Distinctive cuisines with anything but ordinary menu choices are traits shared by the top 10 picks of the Gazette’s restaurant critics for 2010.
The restaurants singled out are not similar, however, in most respects. They range from an ethnic local dining spot run by a Peruvian and Salvadoran couple to a classic Greek restaurant with authentic Hellenic cuisine to a rehabilitated hotel in a once posh spa community in Schoharie County.
What the selected restaurants do have in common is their promise of a memorable dining experience for a reasonable price, especially important in the current economy.
You can order a toasted cheese sandwich or a hamburger in most of these places, but why would you want to?
What we LOVED in 2010
Here are capsule commentaries on the 10 by our critics.
IRV DEAN’S LIST
Flores Family Restaurant, 1427 State St., Schenectady
We were impressed by the freshly prepared dishes with Latin American spices featured at Flores Family Restaurant, which has a Latino feel to it even before you taste the food.
You can order Pescado Frito — a whole tilapia, including head and tail, lightly coated, fried in hot oil and presented with lime wedges arrayed on top. There are Peruvian and Argentine beers, and you can also get fried plantains, a Tamal de Elote (sweet, finely ground maiz steamed in a cornstalk wrapper and served warm with crema) and generous servings of red beans and rice, all for a moderate price.
Rubbin’ Butts Barbecue, 1599 Union St., Schenectady
A spinoff of an established and popular business in Cobleskill, new to Schenectady. The formula is simple: good barbecue served fast and moderately priced.
Try the Texas beef brisket sandwich with hickory red barbecue sauce or the pulled pork. Besides meats that they smoke on the premises, there are delicious sides like cheddar cheese grits, collard greens and barbecued beans. A bonus: the place is redolent of all those smoky sweet smells that signify good barbecue and pull patrons in off the street.
American Hotel, 192 Main St., Sharon Springs
Try the Sunday brunch at this grand hotel on a small scale in the formerly bustling spa community of Sharon Springs. If you arrive about midday, you can sample the brunch as well as the enticing dinner entrées created by chef Lee Wolver.
Partners Doug Plummer and Garth Roberts restored the hotel and reopened it, along with its little pub, in 2001. You can while away an afternoon or evening here, relaxing on the wood plank porch where Oscar Wilde once gave readings to well-to-do summer visitors or feasting on a multi-course meal in the formal dining room with its early American decor.
Cafe NOLA, 617 Union St., Schenectady
Authentic New Orleans Cajun cuisine landed in Schenectady this year, and seems to be winning over the hearts and stomachs of local diners. The food is well prepared and presented attractively, and service, after some early bumps, is pleasingly efficient.
The decor is pure New Orleans with an alligator here and there, little statues of musicians, masks on the walls and background music evocative of Mardi Gras, as are the beads that customers are presented upon leaving. It’s the food, however, that matters most at any restaurant, and Kevin Brown and family are doing it right.
Athos Restaurant, 1814 Western Ave., Guilderland
From cold pikilia (appetizers) to the full course entrées, Athos serves Greek food that is so authentic you’ll want to shout “opah!”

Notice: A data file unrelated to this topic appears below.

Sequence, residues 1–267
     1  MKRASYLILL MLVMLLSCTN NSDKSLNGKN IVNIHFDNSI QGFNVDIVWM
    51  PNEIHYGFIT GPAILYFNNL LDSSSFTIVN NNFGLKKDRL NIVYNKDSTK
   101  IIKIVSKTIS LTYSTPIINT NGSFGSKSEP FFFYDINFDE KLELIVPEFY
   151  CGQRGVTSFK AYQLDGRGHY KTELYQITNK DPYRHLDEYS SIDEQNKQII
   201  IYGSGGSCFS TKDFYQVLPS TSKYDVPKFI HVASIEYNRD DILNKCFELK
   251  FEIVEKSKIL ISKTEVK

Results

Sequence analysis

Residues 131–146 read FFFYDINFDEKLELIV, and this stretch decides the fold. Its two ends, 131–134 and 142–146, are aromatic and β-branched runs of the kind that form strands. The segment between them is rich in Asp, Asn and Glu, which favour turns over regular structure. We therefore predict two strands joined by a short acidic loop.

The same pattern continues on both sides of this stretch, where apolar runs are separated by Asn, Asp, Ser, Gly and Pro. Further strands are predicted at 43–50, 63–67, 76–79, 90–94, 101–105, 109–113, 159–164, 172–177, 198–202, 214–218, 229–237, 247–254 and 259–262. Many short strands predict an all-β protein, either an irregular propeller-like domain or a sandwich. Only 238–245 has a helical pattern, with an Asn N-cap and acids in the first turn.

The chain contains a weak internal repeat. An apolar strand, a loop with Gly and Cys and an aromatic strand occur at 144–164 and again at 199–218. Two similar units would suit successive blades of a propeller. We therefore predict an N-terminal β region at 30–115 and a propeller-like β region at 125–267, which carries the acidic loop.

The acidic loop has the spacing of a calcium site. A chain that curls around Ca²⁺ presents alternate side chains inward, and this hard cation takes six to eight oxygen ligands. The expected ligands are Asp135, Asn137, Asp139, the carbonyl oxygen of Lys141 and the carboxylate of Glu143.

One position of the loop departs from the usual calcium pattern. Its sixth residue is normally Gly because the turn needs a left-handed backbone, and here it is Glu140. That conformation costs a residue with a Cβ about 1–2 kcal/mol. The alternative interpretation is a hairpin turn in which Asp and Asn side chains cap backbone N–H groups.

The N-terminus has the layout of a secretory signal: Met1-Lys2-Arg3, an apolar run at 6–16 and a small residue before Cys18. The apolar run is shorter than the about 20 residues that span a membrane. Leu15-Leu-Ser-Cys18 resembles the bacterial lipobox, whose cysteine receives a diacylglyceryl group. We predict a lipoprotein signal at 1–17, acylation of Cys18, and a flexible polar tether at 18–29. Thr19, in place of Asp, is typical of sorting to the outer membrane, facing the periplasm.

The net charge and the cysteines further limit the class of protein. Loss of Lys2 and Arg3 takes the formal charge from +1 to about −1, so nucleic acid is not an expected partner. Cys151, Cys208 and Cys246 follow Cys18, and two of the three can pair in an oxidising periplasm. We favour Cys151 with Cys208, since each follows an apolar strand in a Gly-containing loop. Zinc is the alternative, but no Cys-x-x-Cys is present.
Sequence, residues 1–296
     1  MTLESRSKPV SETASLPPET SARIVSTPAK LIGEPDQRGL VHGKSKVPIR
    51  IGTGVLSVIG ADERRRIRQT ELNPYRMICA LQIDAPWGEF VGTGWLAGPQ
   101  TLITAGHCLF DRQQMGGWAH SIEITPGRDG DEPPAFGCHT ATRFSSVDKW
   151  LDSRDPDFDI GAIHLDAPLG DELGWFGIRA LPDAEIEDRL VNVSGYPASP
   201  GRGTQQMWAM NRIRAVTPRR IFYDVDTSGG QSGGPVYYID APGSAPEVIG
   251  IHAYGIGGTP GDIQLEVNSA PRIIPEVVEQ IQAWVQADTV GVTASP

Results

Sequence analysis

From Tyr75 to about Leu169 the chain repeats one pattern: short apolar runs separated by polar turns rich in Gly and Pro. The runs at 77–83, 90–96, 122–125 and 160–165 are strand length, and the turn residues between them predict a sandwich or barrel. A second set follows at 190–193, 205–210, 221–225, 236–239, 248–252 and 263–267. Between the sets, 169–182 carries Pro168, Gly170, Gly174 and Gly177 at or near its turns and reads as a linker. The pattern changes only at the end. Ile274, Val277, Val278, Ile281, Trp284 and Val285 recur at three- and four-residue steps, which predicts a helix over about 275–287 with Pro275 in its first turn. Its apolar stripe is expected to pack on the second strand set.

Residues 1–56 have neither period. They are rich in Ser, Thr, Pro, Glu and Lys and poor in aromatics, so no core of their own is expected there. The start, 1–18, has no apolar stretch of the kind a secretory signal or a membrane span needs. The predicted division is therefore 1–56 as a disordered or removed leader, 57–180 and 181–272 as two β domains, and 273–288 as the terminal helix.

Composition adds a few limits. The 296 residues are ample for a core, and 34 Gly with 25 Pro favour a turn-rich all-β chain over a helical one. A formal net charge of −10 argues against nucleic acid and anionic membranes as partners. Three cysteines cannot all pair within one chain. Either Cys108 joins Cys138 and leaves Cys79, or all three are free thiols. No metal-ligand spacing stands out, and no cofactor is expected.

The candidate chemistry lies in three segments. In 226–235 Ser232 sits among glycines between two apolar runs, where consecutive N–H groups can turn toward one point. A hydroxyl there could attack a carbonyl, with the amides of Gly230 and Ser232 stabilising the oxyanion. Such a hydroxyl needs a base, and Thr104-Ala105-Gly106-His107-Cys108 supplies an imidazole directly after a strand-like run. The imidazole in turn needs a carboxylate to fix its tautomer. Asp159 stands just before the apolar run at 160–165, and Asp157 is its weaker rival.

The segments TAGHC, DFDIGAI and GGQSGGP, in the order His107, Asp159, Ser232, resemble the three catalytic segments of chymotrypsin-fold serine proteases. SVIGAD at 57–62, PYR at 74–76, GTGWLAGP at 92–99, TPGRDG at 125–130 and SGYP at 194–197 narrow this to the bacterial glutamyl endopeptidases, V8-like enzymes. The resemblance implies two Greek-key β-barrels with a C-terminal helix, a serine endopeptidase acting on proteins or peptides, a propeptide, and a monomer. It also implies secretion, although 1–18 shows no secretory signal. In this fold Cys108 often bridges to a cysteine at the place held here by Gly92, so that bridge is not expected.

Try the fresh fish of the day, perhaps a Mediterranean brazzini, which will be grilled whole with head and tail intact and filleted at tableside. Side dish choices include lemon potatoes and rice pilaf. Entrées might be Macedonian Lamb, Moussaka or Rabbit Stephato, and you can sample classic Greek desserts like baklava and galaktobouriko, a flaky filo pastry filled with custard and glazed with honey, which you can savor with strong, sweet Greek coffee in demitasse cups.
Caroline Lee’s Picks
New World Bistro Bar, 300 Delaware Ave., Albany
You’ll find eclectic cuisine and imaginative, locally sourced food at this younger sibling of Ric Orlando’s venerable New World Home Cooking restaurant in Saugerties. There are old favorites on the menu, like the green bean appetizer laced with hot stuff, and enjoy dessert even if you’re full — there are small portions to give you just a taste. Have dinner and see a film — both the NWBB and the Spectrum offer fare that makes you think.
Katrinella’s Bistro, 123 1⁄2 Madison Ave., Albany
Get a reservation because the dining room is tiny and the word is out that the food is good. Katrinella’s offers three-course meals for a bargain, food that owner Joe Rogers “loves to cook.”
Try the chicken Katrinella and have a slice of homemade cheesecake for dessert. But hurry up so someone else can have your table.
Pasta Pane, 18 Park Ave., Clifton Park
The fine dining wasteland in Southern Saratoga county has improved greatly with the addition of Pasta Pane and a few other independents. Pasta Pane offers amazing value for the money, and the quality of the food is outstanding.
The bread is made fresh daily, and the entrées feature homemade pasta. Don’t pass up dessert, and get there early or be prepared to wait because they don’t take reservations.
Jumpin’ Jack’s, 5 Schonowee Ave., Scotia
I’ve gotten more feedback on this place than any other, and all of the comments were the same: a favorite family burger and shake place loved by folks who went as kids and now bring their own.
Don’t worry, the food hasn’t changed. The onion rings are remembered fondly by longtime regulars. Head next door for some nifty homemade caramel corn, fresh cotton candy, and soft-serve ice cream — kiddie heaven.
Village Pizzeria, 2727 Route 29, Galway
Full of flavor without being heavy, that was my summing up of the food here. The pizza is killer, especially the Buffalo chicken, and though the place doesn’t have the gloss of the fancier places in nearby Saratoga, it’s a lot less expensive and just as good.